E-voting positioned in electoral debate in Argentina


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Voting in Argentina is primarily manual (Photo:http://www.infobae.com)

On November 22, Argentina experienced something never seen before: a presidential runoff (the first time this could have happened, it didn’t because Carlos Menem quit his candidacy). However, this was not the only distinctive element of this election. This highlight was fueled by other novelties like the second presidential debate in the democratic history of the country, and the fact that e-voting has been positioned as an issue worth discussing during the campaign.

In fact, due to the poor performance of the manual tallying during the first electoral round—the bulletin was six hours late due to the narrow difference in results—, and the scandalous election in Tucumán, which was declared void due to fraud and then declared valid, automation gained force as an electoral issue. This topic was first addressed by the two candidates to the presidency, and also by the third political force led by Sergio Massa.

The candidate from Cambiemos, Mauricio Macri, stated that he will promote an electoral reform that takes into account the “single ballot, e-voting, or the best technology available in 2017,” while the officialist candidate Daniel Scioli fixed his position in the last weeks of the presidential race. This happened during the election of the Pinamar intendent, when Scioli acknowledged that automated voting “improves transparency in the electoral act.”

On the other hand, “Massism” aims at a transformation of legal administration in several regions throughout the country, and in such reform e-voting plays a prominent role. For example, in Buenos Aires, the movement champions the modification of the voting system to give way to electoral technology. Even the Commission for Political Reform expects to debate the automation project before the end of 2015.

In Argentina, several electoral models coexist, as each province is free to choose and manage its own electoral system. Therefore, multiple ballots (one ballot per political force) are used in the national elections (and most provincial elections), but at the same time, a single ballot is used in Santa Fe.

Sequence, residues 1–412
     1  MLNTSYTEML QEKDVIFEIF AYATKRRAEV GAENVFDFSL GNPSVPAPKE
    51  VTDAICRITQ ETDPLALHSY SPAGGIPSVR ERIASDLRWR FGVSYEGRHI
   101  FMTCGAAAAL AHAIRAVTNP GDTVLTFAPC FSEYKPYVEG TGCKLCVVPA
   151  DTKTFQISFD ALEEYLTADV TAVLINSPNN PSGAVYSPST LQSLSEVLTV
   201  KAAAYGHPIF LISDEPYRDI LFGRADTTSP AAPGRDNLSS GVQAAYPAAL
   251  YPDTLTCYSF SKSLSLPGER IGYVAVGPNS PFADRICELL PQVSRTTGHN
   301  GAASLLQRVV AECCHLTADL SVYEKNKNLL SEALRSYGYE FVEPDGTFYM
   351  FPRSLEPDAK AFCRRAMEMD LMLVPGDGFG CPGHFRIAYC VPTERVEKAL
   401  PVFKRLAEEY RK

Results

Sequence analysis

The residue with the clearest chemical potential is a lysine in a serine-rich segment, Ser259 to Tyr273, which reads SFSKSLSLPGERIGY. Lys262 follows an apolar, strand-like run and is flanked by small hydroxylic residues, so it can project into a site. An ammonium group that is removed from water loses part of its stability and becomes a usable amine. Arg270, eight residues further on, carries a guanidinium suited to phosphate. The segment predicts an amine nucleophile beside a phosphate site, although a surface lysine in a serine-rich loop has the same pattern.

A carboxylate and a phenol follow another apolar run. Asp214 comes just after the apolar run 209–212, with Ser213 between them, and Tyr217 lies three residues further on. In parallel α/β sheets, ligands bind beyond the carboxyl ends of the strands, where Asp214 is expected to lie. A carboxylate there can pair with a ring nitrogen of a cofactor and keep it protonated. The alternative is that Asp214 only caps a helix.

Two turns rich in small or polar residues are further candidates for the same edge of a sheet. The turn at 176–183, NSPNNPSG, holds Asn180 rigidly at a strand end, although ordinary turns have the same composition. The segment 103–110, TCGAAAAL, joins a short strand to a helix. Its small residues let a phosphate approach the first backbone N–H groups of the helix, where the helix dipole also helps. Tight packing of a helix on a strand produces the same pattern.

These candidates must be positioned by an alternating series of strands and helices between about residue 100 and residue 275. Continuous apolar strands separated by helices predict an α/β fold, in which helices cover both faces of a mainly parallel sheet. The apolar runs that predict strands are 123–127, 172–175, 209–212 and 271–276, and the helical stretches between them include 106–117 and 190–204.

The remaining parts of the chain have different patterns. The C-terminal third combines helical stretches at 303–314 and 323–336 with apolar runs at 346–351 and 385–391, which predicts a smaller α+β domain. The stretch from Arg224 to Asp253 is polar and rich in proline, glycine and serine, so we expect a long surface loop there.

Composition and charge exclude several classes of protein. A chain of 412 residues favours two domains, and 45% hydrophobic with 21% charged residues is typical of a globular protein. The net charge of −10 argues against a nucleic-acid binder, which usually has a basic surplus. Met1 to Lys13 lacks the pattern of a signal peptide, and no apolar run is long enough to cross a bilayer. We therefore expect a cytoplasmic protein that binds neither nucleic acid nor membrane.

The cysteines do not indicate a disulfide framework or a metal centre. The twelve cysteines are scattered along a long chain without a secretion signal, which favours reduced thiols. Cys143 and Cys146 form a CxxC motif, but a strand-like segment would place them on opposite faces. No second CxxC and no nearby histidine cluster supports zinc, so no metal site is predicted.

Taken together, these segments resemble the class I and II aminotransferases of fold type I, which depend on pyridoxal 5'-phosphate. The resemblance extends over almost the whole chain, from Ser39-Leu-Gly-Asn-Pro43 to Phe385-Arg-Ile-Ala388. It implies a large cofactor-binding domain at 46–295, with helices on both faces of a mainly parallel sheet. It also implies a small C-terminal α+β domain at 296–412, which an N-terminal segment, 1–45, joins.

In Salta and Buenos Aires, the Single Electronic Ballot (BUE) has been implemented. This automates tallying only. Some municipalities in Córdoba tested successfully this year a voting system that automates all of the essential phases of an election.

In light of this diversity, the fact that e-voting is under the spotlight of electoral debate is proof of the importance granted by political forces to the democratic obligation of defending the people’s intent. Until now, Argentina has suffered the many shortcomings and flaws of manual voting, but new leaders are now poised to take on the challenge of modernizing the electoral system of this country.

The Buenos Aires primaries, still unfinished due to doubts


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There were flaws and problems interfering with the results of PASO in Buenos Aires (Photo: http://www.infobae.com)

The Simultaneous Mandatory Open Primaries (PASO) of the province of Buenos Aires, Argentina, which took place last August 9, are still in the eye of the hurricane. Aside from the flaws and setbacks during this event, there was a “preliminary investigation” announced by National Electoral Chamber attorney Jorge Di Lello due to fraud allegations by the candidate of the Frente Renovador party, Felipe Solá.

Although it is still too early to anticipate the eventual outcome of the Solá case inquiry, the issue has further weakened a process that was already ridden with problems. The candidate alleges that he was stolen about 200,000 votes which would have helped him to get 20.70% of the turnout, enough to win the second place instead of a third, which left him out of the race for Governor at the October general elections.

Initial reviews from the media about the internal elections disclosed some situations that cast a shadow of doubt over the results. For example, there were several allegations of delays in the installation of polling stations due to a shortage in ballots, ballot boxes, or absence of authorities. Besides, during the election, there were cases of ballot theft, as well as difficulties to vote, as the ballots were so complex that their size was absurd, up to 1.20m long. This generated discomfort and distrust.

Toward the end of the process, problems related to the slow tallying arose. 15 hours later, there was still no information about the election’s outcome. This brought to light once again the need for Argentina to modernize its voting system and leave behind its archaic methods in favor of technology.

When making a balance of the election, Mauricio Macri, one of the presidential candidates, called for the adoption of an e-voting model that truly safeguards the people’s intent. The country does not have a law regulating automation at the national level. Instead, each province is autonomous in the definition of its electoral system.

Some regions, like Salta and the city of Buenos Aires, currently use automated tallying. Although performance has not been entirely bad, it has shown to be lacking, as key electoral stages are still prone to human error.

One of the great advantages of automation is that it minimizes the capriciousness of those in charge of polling places, minimizing intentional and unintentional flaws, while making voting easier and speeding up processes that are usually cumbersome nowadays. Argentina still has time to follow the path toward the adoption of a 100% automated e-voting system.